At this juncture an ink invented by a Mr .Parsons was favourably reported on as an obliterant, but it shortly yielded to the skill of Messrs Perkins & Co.; and the stamp - cleaning frauds continuing, several of our leading scientific men, including Faraday, were consulted. As a result, new obliterating inks, red and black, were successively produced, tested, and adopted, but only for a while. Some of the experiment-makers lived as far off as Dublin and Aberdeen; and Dr Clark, Professor of Chemistry at the University of the latter city, came forward on his own account, and showed his interest in the cause by making or suggesting a number of experi­ments. Many people, indeed, went to work volun­tarily, for the interest taken in the matter was widespread, and letters offering suggestions poured in from many quarters. But apparently the chemi­cally skilled among the rogues were abler than those employed by the officials, since the “infallible” recipes had an unlucky knack of turning out dismal failures. Therefore, after consultation with Faraday, it was resolved that, so soon as the stock of stamps on hand became exhausted, an aqueous ink should be used both for the stamps and for the oblitera­tion, ordinary black printing ink being meanwhile employed for the latter process. Professor Phillips and Mr Bacon, of the firm of Perkins & Co., at the same time undertook to procure a destructive oleaginous ink to be used in the printing of the new stamp.

          It was hoped that thoroughly good printer’s ink would be found efficacious for obliterating purposes; but ere long a chemist named Watson completely removed the obliteration. He then proposed for use an obliterative ink of his own invention, which was tried, but proved to be inconveniently successful, since it both injured the paper and effaced the writing near the stamp. Its use had therefore to be abandoned.

          The trouble did not slacken, for while Mr Watson was laboriously removing the black printing ink from the black pennies, and making progress so slowly that, at a like rate, the work could not have repaid any one, honest or the reverse, for the time spent upon it, Mr Ledingham, my father’s clerk, who had throughout shown great enthusiasm in the cause, was cleaning stamps nine times as fast, or at the rate of one a minute—a process rapid enough to make the trick remunerative.

          Ultimately, it occurred to Rowland Hill that “as the means which were successful in removing the printing ink obliterant were different from those which discharged Perkins’ ink, a secure ink might perhaps be obtained by simply mixing the two.”22 The device succeeded, the ink thus formed proving indestruct­ible; and all seemed likely to go well,, when a fresh and very disagreeable difficulty made its unwelcome appearance. To enable this ink to dry with sufficient rapidity, a little volatile oil had been introduced, and its odour was speedily pronounced by the postal officials to be intolerable. Happily, means were found for removing the offence; and at length, a little before the close of the year, all requirements seemed to be met.23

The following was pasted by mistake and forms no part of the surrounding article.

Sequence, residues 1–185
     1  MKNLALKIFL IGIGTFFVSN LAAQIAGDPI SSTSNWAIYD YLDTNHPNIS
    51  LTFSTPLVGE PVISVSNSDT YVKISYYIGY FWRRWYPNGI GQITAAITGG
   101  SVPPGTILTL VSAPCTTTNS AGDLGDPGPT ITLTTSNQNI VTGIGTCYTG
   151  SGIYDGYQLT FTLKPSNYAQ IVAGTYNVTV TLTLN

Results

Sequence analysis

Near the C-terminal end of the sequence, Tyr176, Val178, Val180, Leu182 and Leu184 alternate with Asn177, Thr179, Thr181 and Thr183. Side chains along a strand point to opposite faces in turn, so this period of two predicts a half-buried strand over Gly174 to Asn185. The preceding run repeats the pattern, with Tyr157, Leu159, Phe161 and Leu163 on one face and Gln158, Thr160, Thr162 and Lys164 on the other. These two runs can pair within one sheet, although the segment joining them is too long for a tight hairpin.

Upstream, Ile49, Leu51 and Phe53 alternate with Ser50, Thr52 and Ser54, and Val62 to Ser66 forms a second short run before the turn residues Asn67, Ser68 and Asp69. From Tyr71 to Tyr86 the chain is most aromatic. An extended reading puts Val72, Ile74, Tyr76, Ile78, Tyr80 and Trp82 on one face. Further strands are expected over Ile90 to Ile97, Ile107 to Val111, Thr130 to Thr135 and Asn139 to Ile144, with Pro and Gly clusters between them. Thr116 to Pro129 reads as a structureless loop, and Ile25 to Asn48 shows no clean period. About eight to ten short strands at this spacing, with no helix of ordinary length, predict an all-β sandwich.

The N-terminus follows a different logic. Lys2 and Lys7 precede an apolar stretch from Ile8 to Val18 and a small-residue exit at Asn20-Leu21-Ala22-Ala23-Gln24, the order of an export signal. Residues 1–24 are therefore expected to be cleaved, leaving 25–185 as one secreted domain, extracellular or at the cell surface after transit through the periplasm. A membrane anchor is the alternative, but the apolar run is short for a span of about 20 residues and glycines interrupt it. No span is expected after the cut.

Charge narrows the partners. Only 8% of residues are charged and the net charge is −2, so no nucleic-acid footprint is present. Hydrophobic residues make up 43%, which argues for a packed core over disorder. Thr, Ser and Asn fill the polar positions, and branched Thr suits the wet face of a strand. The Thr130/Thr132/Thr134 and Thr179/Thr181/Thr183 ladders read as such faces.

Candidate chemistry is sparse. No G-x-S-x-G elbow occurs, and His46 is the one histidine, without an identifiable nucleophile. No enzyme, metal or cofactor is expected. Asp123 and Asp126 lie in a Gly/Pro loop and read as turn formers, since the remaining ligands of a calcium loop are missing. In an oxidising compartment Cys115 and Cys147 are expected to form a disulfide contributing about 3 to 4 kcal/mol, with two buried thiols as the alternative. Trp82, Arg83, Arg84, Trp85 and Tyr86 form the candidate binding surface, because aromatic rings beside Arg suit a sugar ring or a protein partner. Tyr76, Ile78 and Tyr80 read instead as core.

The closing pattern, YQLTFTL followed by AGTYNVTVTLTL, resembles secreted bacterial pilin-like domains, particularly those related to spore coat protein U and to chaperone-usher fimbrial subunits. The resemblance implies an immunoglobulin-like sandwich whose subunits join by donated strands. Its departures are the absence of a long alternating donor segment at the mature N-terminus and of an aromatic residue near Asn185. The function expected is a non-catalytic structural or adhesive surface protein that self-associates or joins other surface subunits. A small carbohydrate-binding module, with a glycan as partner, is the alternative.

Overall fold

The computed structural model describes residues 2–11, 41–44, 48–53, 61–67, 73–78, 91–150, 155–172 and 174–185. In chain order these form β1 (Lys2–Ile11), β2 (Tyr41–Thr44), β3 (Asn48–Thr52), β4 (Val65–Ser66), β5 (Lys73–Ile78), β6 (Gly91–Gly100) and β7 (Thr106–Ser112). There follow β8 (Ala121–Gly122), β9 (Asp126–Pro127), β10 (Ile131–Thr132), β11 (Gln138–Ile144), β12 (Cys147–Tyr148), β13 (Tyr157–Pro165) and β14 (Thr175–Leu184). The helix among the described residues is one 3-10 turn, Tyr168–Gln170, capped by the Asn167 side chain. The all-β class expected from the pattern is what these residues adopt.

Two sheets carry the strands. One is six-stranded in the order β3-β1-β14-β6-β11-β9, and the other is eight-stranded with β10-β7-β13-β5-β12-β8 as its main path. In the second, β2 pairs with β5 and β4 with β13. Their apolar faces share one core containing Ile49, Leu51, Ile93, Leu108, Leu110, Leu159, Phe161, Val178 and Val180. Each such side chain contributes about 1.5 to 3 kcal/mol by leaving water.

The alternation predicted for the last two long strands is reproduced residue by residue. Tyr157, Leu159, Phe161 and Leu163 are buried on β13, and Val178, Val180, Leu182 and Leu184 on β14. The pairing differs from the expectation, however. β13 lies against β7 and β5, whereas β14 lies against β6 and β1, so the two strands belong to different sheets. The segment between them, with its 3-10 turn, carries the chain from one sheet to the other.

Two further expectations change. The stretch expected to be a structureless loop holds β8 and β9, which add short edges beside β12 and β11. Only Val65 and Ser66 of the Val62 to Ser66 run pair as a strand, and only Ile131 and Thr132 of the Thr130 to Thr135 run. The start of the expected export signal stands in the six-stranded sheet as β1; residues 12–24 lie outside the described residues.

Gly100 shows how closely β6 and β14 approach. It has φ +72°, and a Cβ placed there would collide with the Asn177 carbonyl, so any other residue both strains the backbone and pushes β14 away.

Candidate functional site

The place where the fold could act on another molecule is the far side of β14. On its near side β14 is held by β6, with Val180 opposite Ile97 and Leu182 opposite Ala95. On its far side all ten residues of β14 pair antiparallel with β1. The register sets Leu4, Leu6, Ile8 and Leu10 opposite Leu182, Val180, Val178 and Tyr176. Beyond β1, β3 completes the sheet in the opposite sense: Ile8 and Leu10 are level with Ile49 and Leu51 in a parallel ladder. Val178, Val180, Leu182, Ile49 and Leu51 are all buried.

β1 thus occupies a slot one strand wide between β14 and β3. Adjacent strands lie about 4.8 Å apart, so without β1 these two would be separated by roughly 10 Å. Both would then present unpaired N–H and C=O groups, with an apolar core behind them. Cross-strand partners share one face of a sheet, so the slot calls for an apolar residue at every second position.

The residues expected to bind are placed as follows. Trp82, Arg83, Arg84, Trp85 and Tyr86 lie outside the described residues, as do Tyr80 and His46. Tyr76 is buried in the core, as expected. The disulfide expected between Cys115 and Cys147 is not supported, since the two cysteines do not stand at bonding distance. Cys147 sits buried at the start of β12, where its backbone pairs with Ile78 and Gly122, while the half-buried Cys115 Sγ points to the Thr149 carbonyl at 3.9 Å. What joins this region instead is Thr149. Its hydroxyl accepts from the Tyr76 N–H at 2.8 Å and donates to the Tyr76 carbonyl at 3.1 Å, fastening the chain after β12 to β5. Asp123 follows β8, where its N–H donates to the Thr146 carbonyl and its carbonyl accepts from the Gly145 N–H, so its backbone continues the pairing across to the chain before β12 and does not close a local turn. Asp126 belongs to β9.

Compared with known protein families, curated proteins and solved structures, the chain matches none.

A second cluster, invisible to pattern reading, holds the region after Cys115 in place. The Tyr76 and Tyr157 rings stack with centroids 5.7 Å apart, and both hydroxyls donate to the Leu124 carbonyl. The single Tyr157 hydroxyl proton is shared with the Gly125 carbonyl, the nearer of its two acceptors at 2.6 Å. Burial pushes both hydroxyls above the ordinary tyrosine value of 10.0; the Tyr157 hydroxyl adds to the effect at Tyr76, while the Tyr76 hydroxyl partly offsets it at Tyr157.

It had been a time of almost incessant anxiety. For more than six months there had been the earlier trouble of securing a suitable design for the stamps, and then, when selected, the long delay in effecting their issue; and now, during another six months, this later trouble had perplexed the officials and their many sympathisers. In the end, the colour of the black penny was changed to red, the twopenny stamp remaining blue. Thenceforth, oleaginous inks were used both for printing and for obliterating; the ink for the latter purpose being made so much more tenacious than that used to print the stamp that any attempt to remove the one from the other, even if the destruction of both did not follow, must at least secure the disappearance of the Queen’s head. A simple enough remedy for the evil, and, like many another simple remedy, efficacious; yet some of the cleverest men in the United Kingdom took half a year to find it out.

          Before trial it was impossible to tell which of the two kinds of stamps would be preferred: the one impressed upon the envelope and so forming a part of it, or the other, the handy little adhesive. Rowland Hill expected the former to be the favourite on account of its being already in place, and there­fore less time-consuming. Moreover, as a man gifted with a delicate sense of touch, the tiny label which, when wet, is apt to adhere unpleasantly to the fingers, attracted him less than the cleanlier embossed stamp on the envelope; and perhaps he thought it not unlikely that other people would be of like mind. But from the first the public showed a preference for the adhesive; and to this day the more convenient cover with the embossed head has been far seldomer in demand. It is not impossible that if the present life of feverish hurry and high pressure continues, and even intensifies, the reformer’s expectations as regards the choice of stamps may yet be realised. It may have been the expression of this merely “pious opinion” on his part which gave rise to some absurd fables—as, for instance, that he recommended the adhesive stamp “very hesitatingly,” and only at the eleventh hour; that he sought to restrict the public to the use of the impressed stamp because he preferred it himself; and rubbish of like sort.